The team is working tirelessly in the cellar and vineyards as well. “It nearly killed us trying to produce something great,” Ben says of the 2021 harvest. He and the team spent days checking quality and dropping clusters to reveal only the best fruit worth picking by hand. The hard work has led to Mel’s confidence that the 2021 Léon Millot will be their best yet and Ben agrees. “We’re really excited with the potential of ‘21 based on the fruit we had to work with.” 

A string of new releases have included KLV’s first-ever Blaüfrankisch, and a Pét-nat under a new label designed by Vermont-based artist Tim Patton. Ben’s goal isn’t to make sweeping changes but to build upon the good that already exists and “interpret every vintage in the best way possible.” A recent newsletter promises “a few new-to-the-winery grape varieties, winemaking styles, and special projects that we genuinely can’t wait to share in the near future. […2021] has some surprising bottles headed your way.” 

And Katie, who spent years working in breweries across the world, is spearheading a collaboration project with Big aLICe Brewing. She describes it as “a natively fermented farmhouse beer that spent four months in KLV Blaüfrankisch barrels, and another two weeks on this year’s Blaü pomace.” The project is aligned with KLV’s commitment to experimentation, and to pushing the boundaries of what they can create.

L: Vignoles Methode Ancestral. R: Harvested Vignoles grapes. Photos by the winery.

Pushing local

Unlike the support behind craft beer, Katie says “drinking local wine is still not nearly the movement that could be, especially with the quality that we’ve got.” While not an unfamiliar challenge, it remains baffling. She reminds us that shopping locally is being a responsible consumer. The money that you spend on local wine is supporting the community and your neighbors.”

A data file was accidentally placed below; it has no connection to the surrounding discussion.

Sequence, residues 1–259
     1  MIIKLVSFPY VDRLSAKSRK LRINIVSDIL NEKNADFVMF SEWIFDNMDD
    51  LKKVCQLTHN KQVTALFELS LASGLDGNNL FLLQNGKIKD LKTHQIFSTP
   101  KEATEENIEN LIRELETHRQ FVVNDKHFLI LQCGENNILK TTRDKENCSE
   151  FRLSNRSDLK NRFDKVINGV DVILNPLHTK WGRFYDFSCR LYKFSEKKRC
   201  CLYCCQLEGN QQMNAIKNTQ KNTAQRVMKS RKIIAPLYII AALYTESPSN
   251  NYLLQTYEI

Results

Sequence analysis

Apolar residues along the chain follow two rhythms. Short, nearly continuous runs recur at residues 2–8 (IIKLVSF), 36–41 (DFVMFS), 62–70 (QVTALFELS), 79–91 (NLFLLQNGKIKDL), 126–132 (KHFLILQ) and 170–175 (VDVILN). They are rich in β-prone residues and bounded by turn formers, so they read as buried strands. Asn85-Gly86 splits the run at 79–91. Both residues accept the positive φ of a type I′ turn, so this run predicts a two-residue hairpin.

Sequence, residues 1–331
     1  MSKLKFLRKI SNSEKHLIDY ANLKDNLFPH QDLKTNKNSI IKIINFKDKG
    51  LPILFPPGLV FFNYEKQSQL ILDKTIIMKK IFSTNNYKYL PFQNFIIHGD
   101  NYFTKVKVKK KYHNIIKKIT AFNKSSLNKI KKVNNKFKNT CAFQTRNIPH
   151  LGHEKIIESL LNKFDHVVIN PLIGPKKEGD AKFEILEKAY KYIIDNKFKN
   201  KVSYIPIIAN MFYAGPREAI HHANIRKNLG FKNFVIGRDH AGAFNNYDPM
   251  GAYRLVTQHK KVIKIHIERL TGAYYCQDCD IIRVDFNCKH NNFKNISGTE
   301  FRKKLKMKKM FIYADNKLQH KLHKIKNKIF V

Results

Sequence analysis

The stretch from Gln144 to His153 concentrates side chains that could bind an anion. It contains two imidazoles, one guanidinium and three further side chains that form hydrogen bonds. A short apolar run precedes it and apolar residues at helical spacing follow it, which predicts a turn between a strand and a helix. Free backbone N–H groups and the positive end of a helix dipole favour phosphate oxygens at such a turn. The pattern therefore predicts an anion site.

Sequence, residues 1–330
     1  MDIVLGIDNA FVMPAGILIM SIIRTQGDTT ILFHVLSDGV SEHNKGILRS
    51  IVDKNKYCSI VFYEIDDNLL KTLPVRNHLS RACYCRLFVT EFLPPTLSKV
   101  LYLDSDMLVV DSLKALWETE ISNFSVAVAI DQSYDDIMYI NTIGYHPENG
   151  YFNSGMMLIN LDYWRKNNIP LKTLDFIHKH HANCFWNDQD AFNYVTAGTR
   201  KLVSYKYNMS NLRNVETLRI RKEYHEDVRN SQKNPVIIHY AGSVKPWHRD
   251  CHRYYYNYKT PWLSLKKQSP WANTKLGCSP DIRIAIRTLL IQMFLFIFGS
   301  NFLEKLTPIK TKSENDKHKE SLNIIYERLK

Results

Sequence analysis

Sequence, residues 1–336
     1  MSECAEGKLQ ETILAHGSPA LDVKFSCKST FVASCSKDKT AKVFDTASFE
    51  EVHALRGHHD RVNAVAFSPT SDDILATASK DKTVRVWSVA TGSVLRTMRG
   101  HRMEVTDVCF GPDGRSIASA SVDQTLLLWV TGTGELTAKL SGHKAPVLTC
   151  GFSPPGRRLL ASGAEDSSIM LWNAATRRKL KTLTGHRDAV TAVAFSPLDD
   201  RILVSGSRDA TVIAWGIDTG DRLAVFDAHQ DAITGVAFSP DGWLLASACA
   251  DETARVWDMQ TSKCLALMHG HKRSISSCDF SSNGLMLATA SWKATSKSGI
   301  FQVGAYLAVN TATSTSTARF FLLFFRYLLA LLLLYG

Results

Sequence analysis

Resilience has been the prerequisite for the industry over the last two years, and for this team that reality is no different. “We’ve gotten really lucky with the team here. Somehow despite it all, we’ve actually had a really killer time,” Katie says. She’s been detailing the ups and downs of farming wine in the Finger Lakes for the winery’s newsletter and social media, shining a light on the challenges, successes, and her colleagues, which seem to feel more like family. Perhaps the challenges of the pandemic have created a camaraderie that’s hard to deny.

When asked how it feels to watch his team in action, Mel beams: “I think it’s wonderful. Look at these young folks, dynamic, got lots of energy, and then there’s this old man–95 years old just buzzing around. It’s just great fun.”

Maiah Johnson Dunn

Maiah Johnson Dunn

Maiah Johnson Dunn is a writer based in Rochester, NY. Visit <a href=""></a> for more.